Strange someone asked this, i just watched "walk hard: the dewey cox story" (HILARIOUS film btw) and noticed that the songs he played from his 50's era had the double back beat. Prompted me to set up infront of my telly and practice along to the songs. Very catchy beats!
Thanks for the answers guys. I actually still use this whenever I want a song to sound " Surfy ". It seems to have its place in funk as well. Btw for a more modern application of the double back beat check this out.
I was having this discussion/disagreement a few weeks ago with a friend of mine. We were discussing The Mersey Beat, and I had done a clinic where I referred to this beat as a Mersey Beat. Now it is the beat the the Mersey bands used, as in the Beatles or Ferry Across the Mersey. It is also in surf music, The Ventures, Jan and Dean. He totally disagreed, doesn't like Ringo and said that he had done some research and found a book where someone referred to Ringo's playing of "1" with '3 and' on the BD as indicative of his style and the Mersey Beat. Well any one whose listened to early Ringo knows that he doesn't always play the three on the BD and often plays either a basic beat (the money beat) or often doesn't play the high hat but outlines a back beat rhythm with snare bass.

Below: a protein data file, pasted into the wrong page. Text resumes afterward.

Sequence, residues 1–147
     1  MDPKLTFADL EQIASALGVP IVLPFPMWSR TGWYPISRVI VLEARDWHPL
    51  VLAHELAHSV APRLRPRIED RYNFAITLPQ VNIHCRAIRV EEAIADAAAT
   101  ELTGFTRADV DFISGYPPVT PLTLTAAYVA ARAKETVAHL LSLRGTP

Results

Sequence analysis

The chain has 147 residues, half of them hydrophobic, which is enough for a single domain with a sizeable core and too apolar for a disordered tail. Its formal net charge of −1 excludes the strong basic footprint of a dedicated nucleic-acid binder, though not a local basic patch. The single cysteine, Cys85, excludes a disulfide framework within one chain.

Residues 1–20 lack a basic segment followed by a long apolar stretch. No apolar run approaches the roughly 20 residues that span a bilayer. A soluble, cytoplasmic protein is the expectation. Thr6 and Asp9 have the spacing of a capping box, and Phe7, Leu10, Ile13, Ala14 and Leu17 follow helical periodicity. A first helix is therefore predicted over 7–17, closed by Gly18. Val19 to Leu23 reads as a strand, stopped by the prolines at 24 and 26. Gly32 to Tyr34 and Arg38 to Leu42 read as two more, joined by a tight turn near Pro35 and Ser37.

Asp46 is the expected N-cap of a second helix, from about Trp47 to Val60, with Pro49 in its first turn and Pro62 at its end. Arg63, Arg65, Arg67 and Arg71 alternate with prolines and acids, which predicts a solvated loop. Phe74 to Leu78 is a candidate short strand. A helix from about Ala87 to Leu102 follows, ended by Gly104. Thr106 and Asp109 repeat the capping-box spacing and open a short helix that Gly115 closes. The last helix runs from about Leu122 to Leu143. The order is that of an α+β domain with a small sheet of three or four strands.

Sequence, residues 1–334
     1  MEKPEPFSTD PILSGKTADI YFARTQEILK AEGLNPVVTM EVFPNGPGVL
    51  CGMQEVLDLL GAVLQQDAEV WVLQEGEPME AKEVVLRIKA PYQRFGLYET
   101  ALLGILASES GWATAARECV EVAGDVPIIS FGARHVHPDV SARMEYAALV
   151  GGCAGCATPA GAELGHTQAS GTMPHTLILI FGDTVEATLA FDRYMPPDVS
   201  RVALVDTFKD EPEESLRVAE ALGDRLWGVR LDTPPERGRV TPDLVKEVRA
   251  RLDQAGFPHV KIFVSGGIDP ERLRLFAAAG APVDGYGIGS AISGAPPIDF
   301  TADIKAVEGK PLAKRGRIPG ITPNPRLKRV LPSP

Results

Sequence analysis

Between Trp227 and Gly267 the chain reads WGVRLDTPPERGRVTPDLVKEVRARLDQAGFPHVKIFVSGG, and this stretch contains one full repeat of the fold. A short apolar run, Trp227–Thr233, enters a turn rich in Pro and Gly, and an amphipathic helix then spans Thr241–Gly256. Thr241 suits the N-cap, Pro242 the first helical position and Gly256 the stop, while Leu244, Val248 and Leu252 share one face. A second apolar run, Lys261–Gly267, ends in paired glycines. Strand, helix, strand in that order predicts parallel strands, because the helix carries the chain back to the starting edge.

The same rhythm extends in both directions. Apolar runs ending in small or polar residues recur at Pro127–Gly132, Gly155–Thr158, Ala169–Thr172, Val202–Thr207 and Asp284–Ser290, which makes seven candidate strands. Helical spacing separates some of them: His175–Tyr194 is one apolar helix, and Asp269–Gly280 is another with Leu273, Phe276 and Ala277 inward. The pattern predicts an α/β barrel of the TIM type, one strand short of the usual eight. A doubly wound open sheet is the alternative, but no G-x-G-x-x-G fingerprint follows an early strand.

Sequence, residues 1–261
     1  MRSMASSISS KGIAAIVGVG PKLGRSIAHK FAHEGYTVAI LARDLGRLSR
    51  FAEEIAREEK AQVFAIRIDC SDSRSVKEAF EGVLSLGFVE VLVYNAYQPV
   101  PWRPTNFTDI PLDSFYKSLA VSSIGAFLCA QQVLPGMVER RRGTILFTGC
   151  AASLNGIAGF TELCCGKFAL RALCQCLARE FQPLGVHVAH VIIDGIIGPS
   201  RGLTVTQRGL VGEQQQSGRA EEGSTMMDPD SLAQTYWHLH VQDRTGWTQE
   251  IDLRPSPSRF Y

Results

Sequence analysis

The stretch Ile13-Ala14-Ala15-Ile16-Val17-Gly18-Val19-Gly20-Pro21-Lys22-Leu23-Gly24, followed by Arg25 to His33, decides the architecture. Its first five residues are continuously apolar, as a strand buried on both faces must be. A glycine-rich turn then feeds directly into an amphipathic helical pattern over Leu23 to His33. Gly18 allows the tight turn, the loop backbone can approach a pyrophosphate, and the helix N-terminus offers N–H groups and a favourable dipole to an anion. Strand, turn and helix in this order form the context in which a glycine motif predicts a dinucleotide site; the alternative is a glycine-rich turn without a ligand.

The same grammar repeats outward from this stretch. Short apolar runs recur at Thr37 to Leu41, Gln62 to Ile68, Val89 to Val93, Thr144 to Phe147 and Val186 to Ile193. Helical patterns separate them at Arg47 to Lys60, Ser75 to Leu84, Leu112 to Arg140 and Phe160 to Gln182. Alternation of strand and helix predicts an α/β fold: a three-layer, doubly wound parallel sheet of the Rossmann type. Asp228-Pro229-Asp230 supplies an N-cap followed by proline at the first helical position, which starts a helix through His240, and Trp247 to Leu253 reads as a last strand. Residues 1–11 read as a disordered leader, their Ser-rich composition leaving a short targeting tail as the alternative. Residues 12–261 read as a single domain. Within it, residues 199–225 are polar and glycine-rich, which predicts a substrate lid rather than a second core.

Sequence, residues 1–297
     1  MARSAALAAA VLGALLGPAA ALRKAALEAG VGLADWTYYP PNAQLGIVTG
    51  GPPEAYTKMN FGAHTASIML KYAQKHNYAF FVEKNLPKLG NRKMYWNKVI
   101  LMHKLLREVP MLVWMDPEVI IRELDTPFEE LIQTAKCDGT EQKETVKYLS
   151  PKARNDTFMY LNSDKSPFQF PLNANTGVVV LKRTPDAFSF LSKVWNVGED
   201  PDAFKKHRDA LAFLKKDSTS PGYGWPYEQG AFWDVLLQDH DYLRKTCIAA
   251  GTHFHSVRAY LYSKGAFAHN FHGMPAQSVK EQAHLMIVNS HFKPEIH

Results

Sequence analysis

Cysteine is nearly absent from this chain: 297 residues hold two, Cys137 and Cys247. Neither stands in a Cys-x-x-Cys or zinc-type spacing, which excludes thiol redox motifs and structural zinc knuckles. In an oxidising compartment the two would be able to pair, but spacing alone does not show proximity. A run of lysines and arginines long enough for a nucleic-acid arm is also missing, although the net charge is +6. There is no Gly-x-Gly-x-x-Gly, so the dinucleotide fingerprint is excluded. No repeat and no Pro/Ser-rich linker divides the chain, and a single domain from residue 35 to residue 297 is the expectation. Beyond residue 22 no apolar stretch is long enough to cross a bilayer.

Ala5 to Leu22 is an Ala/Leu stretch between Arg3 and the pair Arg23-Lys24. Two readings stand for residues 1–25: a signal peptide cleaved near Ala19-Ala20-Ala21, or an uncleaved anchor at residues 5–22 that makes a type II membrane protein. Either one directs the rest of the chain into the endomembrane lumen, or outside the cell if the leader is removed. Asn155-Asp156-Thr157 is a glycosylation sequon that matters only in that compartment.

I think that the origin of this beat is the faux Rhumba. If you listen to the Drifters Dance with Me, This Magic Moment. You will hear the beat in late 50s r and b. All this music is Latin tinged. The upbeat of two is the 3 in the 3:2 clave.
I was listening to something the other day that had it from the late 50s and I could swear I heard it in a Big Joe Turner tune. James Brown Night Train has the upbeat on both two and four from 19 62. I'll repost when I figure out what it was I was listening to.